Going back a few years now, I was asked to be a technical advisor on the qualifications. So, as an industry, we have fed into how they were designed. To see them now come to fruition is very rewarding.

From our perspective at Waitomo Adventures, what’s good about these qualifications is that they allow the organisation to fit the learning to its own specific safety management system (SMS) and its existing procedures.

For example, with the Level 4 programme, it asks trainees to cite the relevant information from their company’s SMS and standard operating procedures. The qualification basically gets them to demonstrate that they know what their company’s system is all about. That’s how it needs to be, because our SMS is going to be different to the next company down the road.

In the last few years, with the advent of adventure safety audits, it has increased the importance of maintaining our paper trail, right from induction to assessment to ongoing training. We’ve worked hard to develop a really good SMS that we stick by, and it’s vital when it comes to audit time.

If there was a qualification that required us to change our whole system, it just wouldn’t suit us. With the Skills Active training, we can continue to do what we’ve always done and it slots in seamlessly.

Why is it important to have everybody at Waitomo Adventures trained up to the same standards?

We couldn’t do what we do without everyone being on the same page. You have to know that your fellow guide is thinking the same way you are, and their technical skills are as good as yours.

Thankfully, in 31 years of operation, we’ve never had to deal with a major incident, accident or injury, but we still train for it throughout the year. If someone is strapped into a stetcher and you’re pulling them up a vertical pitch, it’s essential that your whole team is singing from the same song sheet.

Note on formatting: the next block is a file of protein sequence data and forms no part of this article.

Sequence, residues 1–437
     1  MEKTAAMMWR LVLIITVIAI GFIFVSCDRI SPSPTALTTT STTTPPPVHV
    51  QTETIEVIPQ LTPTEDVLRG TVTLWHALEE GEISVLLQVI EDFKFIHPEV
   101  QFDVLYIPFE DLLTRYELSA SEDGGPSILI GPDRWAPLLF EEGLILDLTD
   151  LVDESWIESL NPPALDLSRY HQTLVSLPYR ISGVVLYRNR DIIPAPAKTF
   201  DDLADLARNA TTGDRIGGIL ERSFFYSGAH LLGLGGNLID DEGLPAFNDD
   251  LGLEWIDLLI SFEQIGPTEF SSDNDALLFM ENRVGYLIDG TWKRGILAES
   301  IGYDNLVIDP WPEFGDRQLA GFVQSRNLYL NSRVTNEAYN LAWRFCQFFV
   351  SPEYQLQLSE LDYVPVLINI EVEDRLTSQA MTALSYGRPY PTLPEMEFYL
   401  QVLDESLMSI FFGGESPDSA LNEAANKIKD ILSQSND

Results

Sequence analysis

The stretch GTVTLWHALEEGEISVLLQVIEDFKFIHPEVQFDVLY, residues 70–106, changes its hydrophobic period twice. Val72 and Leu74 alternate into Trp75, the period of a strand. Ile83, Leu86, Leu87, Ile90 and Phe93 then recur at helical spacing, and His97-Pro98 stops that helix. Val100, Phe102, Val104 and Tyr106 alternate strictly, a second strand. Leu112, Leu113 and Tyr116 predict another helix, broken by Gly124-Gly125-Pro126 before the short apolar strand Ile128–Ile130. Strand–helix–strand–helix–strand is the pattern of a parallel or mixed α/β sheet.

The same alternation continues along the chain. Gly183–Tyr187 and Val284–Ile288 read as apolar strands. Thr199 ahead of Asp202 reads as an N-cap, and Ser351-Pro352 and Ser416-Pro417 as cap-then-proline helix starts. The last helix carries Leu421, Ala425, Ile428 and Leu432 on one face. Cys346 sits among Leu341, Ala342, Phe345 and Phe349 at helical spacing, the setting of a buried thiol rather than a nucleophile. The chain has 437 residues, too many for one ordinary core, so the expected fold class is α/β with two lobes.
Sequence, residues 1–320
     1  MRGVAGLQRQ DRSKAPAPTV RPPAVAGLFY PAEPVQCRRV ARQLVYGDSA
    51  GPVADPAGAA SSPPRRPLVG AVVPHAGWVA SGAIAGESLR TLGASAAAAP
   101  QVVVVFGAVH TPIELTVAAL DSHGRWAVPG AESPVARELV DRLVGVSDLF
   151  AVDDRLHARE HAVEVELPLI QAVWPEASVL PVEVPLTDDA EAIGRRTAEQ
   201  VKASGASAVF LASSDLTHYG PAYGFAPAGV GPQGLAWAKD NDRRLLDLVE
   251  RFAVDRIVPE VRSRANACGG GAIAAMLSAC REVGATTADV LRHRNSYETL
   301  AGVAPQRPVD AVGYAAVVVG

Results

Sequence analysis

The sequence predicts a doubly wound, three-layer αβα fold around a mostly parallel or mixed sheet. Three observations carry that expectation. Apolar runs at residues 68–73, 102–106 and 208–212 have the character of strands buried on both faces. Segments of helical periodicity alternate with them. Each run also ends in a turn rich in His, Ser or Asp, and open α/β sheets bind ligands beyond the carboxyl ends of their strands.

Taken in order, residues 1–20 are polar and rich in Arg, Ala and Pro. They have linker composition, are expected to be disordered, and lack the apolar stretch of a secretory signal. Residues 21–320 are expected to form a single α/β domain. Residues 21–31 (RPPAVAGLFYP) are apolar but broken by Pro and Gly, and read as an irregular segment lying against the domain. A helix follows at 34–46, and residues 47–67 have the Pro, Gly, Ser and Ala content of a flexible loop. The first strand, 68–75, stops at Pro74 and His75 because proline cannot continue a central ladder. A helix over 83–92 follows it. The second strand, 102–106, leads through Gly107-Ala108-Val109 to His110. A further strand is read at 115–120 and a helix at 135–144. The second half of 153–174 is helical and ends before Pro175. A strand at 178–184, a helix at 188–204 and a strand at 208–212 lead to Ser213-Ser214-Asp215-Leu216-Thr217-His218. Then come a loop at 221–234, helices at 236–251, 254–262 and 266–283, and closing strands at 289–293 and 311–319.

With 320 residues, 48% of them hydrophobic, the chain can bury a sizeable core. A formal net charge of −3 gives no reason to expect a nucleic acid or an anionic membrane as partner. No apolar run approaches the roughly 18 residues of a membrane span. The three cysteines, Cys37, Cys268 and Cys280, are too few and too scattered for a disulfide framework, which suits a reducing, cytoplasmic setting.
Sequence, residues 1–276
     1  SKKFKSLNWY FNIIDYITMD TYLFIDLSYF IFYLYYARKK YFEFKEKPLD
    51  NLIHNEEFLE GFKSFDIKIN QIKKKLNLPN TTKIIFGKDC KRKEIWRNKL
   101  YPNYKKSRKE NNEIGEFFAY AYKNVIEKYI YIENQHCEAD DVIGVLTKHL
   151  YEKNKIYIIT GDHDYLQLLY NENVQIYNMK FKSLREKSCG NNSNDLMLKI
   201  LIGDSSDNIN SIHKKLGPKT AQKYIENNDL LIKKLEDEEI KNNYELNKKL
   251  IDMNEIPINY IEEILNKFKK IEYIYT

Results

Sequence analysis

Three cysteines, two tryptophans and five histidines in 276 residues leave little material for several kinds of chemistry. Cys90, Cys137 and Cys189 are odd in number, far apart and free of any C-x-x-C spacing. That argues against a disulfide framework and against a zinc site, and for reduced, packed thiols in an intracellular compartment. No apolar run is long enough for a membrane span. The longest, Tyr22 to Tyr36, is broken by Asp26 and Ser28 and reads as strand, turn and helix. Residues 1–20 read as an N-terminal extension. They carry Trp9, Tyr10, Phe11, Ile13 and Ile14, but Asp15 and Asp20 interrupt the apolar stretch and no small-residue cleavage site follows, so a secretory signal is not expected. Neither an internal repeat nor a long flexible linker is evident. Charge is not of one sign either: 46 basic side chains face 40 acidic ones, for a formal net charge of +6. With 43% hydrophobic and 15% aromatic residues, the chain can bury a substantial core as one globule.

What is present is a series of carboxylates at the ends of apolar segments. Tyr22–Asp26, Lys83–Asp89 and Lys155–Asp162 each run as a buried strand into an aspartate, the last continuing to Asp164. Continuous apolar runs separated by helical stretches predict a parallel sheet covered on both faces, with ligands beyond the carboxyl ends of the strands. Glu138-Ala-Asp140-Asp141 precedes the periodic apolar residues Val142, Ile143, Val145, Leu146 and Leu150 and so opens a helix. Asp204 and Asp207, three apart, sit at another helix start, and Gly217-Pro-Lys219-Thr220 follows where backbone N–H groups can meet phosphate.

What are some of the ways that you’ve integrated the training into your business?

We’ve got this beautiful, new three-storey building and the top floor is dedicated to the guides. It’s got a great big staff room with a 5-metre ceiling and hanging ropes. It’s a facility where people can practice rope skills at any time, no matter the weather.

We’ve got two other outdoor training facilities, and then we’ve got multiple caves – not just our commercial caves, but others that we use for vertical training, risk management, leadership skills and more.

What makes a good caving guide?

You can have a physically tough job, like farming, or you can have a job that’s mentally demanding – dealing with customers all day, interacting and talking to people.

Cave guiding combines the two. It’s very physical and taxing on the body, but you’re also leading a group of paying customers, so you are the entertainer and the motivator. A good cave guide is fit, strong and capable and they have a positive attitude and a big smile.

Some people are cut out for it and some aren’t. But it’s a lot of fun and we go into amazing places. So on those days when you’re feeling a bit tired, you get into that environment and realise, Hey I’m not stuck in an office somewhere – I’ve got a pretty cool job!